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January 17, 2000

Governor's budget proposal recognizes UCSC's excellence

By Jennifer McNulty

Governor Gray Davis has made education his top priority, and he is increasingly turning to the University of California, including UCSC, for help in generating tangible results. His latest budget proposals are further endorsement of UC's work assisting public schools.

See related article: Governor's budget gives major boost to UC
In his budget proposal that was unveiled last week, Davis is seeking a major expansion of UC's professional development programs for K-12 teachers. Davis's endorsement of UC's current efforts in these areas was underscored by his funding of several new institutes for high school math, science, and English teachers that will be operated by UC in collaboration with California State University, several private colleges and universities, and K-12 schools and districts.

"The faculty and staff of UCSC have distinguished themselves through their work with K-12 schools," said Francisco Hernandez, vice chancellor for student affairs, who oversees the Educational Partnership Center. Several statewide programs are housed at UCSC because of the campus's innovative ideas and statewide leadership, he noted.

"More than ever, schools are asking us for assistance as they address the critical issues of student performance and teacher preparation," said Hernandez. "With the governor's support, we are prepared to provide an even higher level of service."

One of UCSC's existing programs that is slated for funding is the New Teacher Center (NTC), a national resource that ties together research, practice, and policy in support of the development of the teaching profession, with a particular focus on new teachers. Davis's budget includes $600,000 for the NTC, which director Ellen Moir said will help the center expand its offerings.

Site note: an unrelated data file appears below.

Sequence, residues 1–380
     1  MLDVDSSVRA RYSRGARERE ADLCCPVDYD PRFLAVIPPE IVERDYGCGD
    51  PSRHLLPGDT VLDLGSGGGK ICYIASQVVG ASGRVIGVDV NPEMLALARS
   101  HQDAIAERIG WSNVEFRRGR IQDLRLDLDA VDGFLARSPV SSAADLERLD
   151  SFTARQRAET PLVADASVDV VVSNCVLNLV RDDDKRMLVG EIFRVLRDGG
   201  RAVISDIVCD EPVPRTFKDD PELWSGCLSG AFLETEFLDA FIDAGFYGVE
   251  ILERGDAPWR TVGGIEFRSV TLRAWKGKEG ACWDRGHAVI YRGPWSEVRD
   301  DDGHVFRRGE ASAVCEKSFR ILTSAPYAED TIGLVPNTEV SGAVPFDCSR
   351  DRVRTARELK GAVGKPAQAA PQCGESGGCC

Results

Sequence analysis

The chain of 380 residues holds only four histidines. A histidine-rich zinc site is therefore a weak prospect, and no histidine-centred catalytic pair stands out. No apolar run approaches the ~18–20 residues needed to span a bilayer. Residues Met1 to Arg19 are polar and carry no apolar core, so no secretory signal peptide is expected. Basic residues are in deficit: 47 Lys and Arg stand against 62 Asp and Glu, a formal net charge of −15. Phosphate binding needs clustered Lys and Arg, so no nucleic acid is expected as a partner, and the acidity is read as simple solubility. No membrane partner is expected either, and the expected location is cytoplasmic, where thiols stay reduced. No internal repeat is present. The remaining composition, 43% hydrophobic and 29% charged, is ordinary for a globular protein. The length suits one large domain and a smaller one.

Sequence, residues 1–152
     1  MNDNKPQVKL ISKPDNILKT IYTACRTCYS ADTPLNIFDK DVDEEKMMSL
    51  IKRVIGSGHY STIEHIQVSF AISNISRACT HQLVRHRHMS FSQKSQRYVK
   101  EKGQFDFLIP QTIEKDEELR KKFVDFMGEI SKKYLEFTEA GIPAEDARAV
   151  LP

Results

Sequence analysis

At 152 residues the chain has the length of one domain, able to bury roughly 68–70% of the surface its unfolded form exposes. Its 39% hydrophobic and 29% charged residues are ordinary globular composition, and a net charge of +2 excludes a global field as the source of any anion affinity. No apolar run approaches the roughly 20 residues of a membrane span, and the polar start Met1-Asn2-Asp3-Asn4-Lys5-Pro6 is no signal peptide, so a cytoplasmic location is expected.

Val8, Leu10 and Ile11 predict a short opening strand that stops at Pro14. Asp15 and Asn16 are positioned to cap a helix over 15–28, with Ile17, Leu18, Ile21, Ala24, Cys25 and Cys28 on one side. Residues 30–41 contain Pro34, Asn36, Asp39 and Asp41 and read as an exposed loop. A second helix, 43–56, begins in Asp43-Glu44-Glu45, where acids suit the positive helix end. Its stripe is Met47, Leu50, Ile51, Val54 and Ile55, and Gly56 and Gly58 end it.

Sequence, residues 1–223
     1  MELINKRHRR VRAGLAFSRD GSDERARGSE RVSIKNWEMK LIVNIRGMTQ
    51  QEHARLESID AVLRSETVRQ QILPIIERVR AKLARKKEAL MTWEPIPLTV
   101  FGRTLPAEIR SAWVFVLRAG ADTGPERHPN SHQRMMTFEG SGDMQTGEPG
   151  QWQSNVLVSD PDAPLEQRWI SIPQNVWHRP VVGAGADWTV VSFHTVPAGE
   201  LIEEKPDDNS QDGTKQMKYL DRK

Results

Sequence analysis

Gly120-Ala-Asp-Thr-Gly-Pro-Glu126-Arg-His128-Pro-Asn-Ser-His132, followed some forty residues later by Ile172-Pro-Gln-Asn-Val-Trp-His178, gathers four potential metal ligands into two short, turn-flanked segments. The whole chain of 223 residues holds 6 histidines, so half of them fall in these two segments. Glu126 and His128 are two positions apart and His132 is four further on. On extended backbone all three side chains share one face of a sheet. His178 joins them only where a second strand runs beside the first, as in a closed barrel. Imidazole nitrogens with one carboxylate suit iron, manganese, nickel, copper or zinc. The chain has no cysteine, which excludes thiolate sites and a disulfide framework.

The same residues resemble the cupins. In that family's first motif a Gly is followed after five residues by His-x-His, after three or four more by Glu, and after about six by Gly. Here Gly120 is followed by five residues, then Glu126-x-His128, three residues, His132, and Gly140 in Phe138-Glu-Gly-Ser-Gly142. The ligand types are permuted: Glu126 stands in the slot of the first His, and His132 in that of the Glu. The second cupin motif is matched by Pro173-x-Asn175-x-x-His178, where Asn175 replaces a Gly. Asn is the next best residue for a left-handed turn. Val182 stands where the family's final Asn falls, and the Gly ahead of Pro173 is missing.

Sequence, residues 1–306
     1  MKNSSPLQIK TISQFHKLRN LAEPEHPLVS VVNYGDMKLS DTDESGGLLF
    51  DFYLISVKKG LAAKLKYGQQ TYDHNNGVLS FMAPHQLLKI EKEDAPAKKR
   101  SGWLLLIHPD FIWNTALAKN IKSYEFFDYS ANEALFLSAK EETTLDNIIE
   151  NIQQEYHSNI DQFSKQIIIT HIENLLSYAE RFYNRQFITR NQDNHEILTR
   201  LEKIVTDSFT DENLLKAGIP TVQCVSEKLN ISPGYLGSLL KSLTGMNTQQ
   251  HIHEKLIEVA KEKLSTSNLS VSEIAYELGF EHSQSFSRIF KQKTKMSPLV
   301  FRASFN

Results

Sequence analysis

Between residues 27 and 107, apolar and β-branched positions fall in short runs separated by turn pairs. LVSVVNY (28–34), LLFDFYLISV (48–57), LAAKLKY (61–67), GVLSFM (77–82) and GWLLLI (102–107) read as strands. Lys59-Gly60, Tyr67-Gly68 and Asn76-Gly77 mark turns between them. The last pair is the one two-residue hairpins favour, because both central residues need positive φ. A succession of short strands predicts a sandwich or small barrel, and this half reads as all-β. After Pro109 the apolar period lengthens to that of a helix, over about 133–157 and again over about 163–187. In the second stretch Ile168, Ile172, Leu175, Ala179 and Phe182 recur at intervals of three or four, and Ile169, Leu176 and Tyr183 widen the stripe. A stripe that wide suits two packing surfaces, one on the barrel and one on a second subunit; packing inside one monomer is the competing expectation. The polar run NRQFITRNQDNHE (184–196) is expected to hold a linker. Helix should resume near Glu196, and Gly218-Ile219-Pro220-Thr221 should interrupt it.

"We're already an important voice across the state and on the national scene regarding teacher induction, and we're doing intensive work in the Monterey Bay region and Silicon Valley," said Moir. "This support will allow us to do more in those regions and to increase our capacity statewide."

In addition, Davis singled out the UCSC-based UC College Prep (UCCP) Initiative for $3 million. UCCP offers online advanced placement courses to students in schools throughout California that offer few or no AP classes. The pilot program, which began in 1998, was expanded to reach about 200 students in seven counties this past fall, and project director Elaine Wheeler said Davis's proposal would help to further expand UCCP, which has the potential to reach thousands of students.

"Our program's growth is based in large part on our successful partnerships with high schools," said Wheeler, noting that UCSC's team tailors offerings to the needs of each school. "This has the potential to become a cost-effective way that UC can help fill some of the curriculum gaps in what high schools have to offer."

Current offerings include AP and college-prep courses in chemistry, composition, physics, biology, mathematics, macroeconomics, microeconomics, and statistics. Online courses can help students boost their grade-point average and enhance their college applications, said Wheeler, adding that providing these courses online increases opportunities for underserved students to compete.

Finally, if the governor's proposed budget is approved, the campus's plans to establish a regional center in Santa Clara Valley would benefit from a $1.1 million infusion of state funds. Efforts are currently under way to identify potential sites for the center, which would offer research, teaching, and community service opportunities for UCSC faculty, students, and staff, while also raising UCSC's profile in Silicon Valley.

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